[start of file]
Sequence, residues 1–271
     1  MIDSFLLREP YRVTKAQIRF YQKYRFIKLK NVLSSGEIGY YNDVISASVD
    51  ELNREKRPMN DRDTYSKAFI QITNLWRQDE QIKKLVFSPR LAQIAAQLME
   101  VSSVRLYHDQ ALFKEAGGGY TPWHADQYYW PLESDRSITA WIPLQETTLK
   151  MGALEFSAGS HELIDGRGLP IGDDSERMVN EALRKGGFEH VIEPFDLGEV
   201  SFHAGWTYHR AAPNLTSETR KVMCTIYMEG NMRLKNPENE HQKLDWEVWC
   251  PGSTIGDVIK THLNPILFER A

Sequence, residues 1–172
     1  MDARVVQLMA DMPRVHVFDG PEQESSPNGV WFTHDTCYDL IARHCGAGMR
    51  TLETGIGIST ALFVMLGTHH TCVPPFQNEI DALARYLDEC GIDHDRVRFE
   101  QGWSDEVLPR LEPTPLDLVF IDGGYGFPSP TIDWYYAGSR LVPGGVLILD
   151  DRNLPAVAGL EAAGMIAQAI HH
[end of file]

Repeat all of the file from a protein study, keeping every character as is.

Sequence, residues 1–271
     1  MIDSFLLREP YRVTKAQIRF YQKYRFIKLK NVLSSGEIGY YNDVISASVD
    51  ELNREKRPMN DRDTYSKAFI QITNLWRQDE QIKKLVFSPR LAQIAAQLME
   101  VSSVRLYHDQ ALFKEAGGGY TPWHADQYYW PLESDRSITA WIPLQETTLK
   151  MGALEFSAGS HELIDGRGLP IGDDSERMVN EALRKGGFEH VIEPFDLGEV
   201  SFHAGWTYHR AAPNLTSETR KVMCTIYMEG NMRLKNPENE HQKLDWEVWC
   251  PGSTIGDVIK THLNPILFER A

Sequence, residues 1–172
     1  MDARVVQLMA DMPRVHVFDG PEQESSPNGV WFTHDTCYDL IARHCGAGMR
    51  TLETGIGIST ALFVMLGTHH TCVPPFQNEI DALARYLDEC GIDHDRVRFE
   101  QGWSDEVLPR LEPTPLDLVF IDGGYGFPSP TIDWYYAGSR LVPGGVLILD
   151  DRNLPAVAGL EAAGMIAQAI HH